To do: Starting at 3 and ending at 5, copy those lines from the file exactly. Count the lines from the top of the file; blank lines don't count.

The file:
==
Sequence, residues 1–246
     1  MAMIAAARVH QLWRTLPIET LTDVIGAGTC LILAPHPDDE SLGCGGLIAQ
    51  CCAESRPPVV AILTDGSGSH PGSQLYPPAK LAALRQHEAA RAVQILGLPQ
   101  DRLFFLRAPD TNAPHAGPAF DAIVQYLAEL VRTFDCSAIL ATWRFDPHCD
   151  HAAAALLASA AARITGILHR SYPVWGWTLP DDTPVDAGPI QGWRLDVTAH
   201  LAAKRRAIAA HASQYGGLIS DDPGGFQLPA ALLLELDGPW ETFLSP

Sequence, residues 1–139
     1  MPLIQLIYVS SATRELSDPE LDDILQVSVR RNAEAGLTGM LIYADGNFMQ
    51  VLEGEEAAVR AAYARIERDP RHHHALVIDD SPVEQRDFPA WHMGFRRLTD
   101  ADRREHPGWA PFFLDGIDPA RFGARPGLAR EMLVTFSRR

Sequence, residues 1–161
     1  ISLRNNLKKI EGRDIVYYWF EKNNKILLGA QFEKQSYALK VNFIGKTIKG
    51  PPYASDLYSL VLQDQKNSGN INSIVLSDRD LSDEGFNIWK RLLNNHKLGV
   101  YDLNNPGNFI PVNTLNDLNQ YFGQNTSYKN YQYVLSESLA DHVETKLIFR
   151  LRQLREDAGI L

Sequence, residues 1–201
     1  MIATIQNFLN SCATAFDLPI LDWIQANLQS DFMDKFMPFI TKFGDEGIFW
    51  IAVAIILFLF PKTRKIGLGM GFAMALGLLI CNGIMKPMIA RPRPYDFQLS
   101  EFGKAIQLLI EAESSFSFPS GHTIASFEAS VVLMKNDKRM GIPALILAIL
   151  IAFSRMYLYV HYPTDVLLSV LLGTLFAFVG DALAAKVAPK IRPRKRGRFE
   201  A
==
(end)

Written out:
    51  CCAESRPPVV AILTDGSGSH PGSQLYPPAK LAALRQHEAA RAVQILGLPQ
   101  DRLFFLRAPD TNAPHAGPAF DAIVQYLAEL VRTFDCSAIL ATWRFDPHCD
   151  HAAAALLASA AARITGILHR SYPVWGWTLP DDTPVDAGPI QGWRLDVTAH